Project will be self sustainable by conserving fishing resources and perpetuating there responsible use. Once successful, this process could be replicated in other fishing/food production sectors throughout the region.

Development of a marine research center will create jobs in the tourism sector and offer capacity building to fishermen, young adults, and women

Projects will yield an eco-tourism/coastal development model that results in local economic benefits and environmental improvements as tourists look forward to consuming local, sustainably caught seafood and jobs and SME opportunities are created through marine research efforts.

What will it take for your project to be successful over the next three years? Please address each year separately, if possible.

Year 1-2
PRETOMA must identify and generate interest among potential snapper market stakeholders and educational institutions for its research center.

While funding has been secured for the MSC certification pre-assessment, scheduled for January 2011, proper recording and relationship building with this funder will be crucial for its continued support for the MSCs full assessment, stakeholder planning and strategic planning phases.

The project must produce marketing, organizational, and financial studies to efficiently develop the fishing co-op and other components.

The project’s success will be contingent on the amount of support it receives from its stakeholders. The continued cooperation and attentiveness of ASPECOY and BEJUCO members to the certification process, implementation of additional fishing guidelines, willingness to organize themselves into a fishing co-op, and desire to assist in the market’s development will be essential to the project.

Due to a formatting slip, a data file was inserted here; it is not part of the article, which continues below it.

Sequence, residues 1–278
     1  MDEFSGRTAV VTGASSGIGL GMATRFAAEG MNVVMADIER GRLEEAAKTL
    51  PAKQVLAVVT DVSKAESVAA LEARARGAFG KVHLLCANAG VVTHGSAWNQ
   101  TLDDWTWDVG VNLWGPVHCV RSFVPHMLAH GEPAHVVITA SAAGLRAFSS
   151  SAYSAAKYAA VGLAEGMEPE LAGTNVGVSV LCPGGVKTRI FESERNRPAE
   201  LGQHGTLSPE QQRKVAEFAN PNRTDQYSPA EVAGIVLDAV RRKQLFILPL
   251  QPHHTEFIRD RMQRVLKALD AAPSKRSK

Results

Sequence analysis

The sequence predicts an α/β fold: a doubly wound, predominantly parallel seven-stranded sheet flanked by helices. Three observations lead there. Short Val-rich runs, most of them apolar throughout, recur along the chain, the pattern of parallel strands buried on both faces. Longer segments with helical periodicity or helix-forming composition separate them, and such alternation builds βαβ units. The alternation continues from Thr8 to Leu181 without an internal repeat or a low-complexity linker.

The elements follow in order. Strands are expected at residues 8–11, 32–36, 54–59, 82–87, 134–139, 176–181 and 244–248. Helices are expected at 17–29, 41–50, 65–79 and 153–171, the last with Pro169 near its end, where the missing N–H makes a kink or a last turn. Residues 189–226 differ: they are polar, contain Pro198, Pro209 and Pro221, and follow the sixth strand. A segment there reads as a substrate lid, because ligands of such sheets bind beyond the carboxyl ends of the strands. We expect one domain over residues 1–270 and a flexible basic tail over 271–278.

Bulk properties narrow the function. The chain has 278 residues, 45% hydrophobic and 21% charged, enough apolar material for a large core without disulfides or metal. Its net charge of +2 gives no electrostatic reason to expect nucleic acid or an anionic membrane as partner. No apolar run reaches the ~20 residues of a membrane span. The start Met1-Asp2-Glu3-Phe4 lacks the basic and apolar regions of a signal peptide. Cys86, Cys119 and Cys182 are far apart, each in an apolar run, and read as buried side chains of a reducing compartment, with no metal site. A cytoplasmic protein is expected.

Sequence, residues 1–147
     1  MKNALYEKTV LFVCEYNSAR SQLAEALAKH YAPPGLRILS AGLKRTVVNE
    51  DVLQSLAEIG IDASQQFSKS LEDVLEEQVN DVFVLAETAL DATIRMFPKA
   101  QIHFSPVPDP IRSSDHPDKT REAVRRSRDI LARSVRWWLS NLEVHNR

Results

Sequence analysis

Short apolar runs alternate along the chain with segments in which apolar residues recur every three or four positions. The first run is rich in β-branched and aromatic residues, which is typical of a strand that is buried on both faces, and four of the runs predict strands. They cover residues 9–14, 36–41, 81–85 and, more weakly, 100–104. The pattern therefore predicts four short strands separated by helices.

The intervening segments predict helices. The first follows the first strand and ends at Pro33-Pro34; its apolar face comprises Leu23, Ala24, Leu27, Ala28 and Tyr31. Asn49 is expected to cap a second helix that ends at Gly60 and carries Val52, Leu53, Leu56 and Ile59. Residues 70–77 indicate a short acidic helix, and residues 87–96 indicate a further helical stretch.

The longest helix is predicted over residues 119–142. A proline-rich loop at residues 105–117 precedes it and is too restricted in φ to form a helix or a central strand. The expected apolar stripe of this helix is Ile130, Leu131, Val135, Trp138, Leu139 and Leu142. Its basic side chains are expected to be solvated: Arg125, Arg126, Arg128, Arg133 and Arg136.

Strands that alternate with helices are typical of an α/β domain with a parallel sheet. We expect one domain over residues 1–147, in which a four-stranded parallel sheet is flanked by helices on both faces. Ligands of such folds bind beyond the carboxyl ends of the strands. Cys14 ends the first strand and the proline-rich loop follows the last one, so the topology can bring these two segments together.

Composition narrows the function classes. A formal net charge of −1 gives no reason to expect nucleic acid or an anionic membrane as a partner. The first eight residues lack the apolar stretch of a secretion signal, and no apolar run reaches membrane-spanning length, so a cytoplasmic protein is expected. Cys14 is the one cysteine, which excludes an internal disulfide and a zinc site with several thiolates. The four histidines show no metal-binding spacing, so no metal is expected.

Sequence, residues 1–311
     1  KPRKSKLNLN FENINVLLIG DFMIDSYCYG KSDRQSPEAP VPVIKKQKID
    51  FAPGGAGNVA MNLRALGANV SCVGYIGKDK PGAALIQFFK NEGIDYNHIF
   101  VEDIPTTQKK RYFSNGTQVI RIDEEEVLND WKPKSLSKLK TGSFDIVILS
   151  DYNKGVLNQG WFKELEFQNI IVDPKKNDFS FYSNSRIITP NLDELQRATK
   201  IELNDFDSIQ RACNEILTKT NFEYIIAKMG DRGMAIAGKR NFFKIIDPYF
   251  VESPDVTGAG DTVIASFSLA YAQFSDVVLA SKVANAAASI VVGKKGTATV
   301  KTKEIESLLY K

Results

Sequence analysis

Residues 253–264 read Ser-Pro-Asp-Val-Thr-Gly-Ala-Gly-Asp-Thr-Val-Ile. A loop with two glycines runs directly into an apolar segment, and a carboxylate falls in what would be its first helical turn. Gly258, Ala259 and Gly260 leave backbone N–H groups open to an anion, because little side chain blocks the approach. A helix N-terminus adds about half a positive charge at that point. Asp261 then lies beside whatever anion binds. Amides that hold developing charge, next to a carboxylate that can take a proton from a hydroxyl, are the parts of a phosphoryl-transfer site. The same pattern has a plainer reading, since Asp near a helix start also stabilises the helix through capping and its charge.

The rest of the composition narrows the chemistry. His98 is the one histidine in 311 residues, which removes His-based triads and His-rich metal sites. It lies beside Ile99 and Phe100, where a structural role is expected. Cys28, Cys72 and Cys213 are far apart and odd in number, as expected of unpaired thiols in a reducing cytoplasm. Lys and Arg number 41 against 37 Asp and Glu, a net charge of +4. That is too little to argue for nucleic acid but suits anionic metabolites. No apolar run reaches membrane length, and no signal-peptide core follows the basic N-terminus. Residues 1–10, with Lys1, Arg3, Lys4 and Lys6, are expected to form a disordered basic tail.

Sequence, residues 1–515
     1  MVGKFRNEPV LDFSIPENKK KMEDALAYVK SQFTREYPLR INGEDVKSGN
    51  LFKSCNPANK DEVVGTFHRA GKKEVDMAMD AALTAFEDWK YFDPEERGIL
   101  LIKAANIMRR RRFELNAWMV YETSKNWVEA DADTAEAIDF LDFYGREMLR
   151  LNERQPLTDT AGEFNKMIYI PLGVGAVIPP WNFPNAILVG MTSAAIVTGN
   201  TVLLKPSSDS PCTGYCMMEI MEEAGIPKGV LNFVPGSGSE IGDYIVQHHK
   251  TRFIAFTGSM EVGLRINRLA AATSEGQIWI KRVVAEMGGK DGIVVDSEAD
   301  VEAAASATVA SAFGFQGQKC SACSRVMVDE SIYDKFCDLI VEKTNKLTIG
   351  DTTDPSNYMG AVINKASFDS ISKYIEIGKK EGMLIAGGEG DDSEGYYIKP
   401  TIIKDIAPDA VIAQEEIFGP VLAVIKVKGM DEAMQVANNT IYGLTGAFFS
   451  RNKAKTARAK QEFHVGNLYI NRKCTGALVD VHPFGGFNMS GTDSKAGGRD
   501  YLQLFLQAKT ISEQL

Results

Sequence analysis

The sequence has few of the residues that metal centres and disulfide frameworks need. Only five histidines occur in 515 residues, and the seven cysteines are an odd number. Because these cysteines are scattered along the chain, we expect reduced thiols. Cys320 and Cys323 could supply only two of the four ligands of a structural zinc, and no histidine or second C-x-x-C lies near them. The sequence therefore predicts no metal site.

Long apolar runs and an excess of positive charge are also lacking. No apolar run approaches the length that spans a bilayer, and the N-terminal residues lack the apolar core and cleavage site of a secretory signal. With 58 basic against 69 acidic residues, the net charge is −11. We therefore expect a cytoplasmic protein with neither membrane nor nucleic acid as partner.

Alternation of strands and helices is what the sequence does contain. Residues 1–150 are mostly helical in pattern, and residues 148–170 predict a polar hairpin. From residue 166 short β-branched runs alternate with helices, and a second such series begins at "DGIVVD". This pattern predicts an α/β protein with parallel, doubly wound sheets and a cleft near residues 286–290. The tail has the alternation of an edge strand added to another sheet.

Open communication between fishermen and NGO members will be critical to the project’s success at every stage.

The project must obtain signed contracts and letters of commitment from its key hotel and restaurant stakeholders that explain how they will support the consumption of sustainable snappers and how they will promote the program to their guests.

With respect to the development of the marine research center, national and international schools and universities will be major stakeholders whose support with be needed in the form of signed contracts. The center’s structural design and an environmental impact study will be necessary components to this project.

Year 3
A healthy snapper population will be necessary to fuel the newly formed market and fishing cooperative’s business interests. Employee recruitment and training must be done in various community sectors to ensure that quality; diverse employees are employed at the research center and are given the tools necessary to develop professional skills and SMEs.

What would prevent your project from being a success?

While the care free attitudes and casual ways of life of fisher folk serve them well on the water, this project will require long term commitments, patience, and at times its participants will encounter a steep learning curve. Unprofessional attitudes and a lack of commitment from any one of the project’s stakeholders will hurt the project’s chances of reaching its full potential.

Not qualifying for the MSC certification would fail to bring the fishery many of the related benefits associated with an eco label. And while it wouldn’t defeat the premium market strategy, it would hurt the way hotels improve their “eco” initiatives by serving organic/sustainable foods.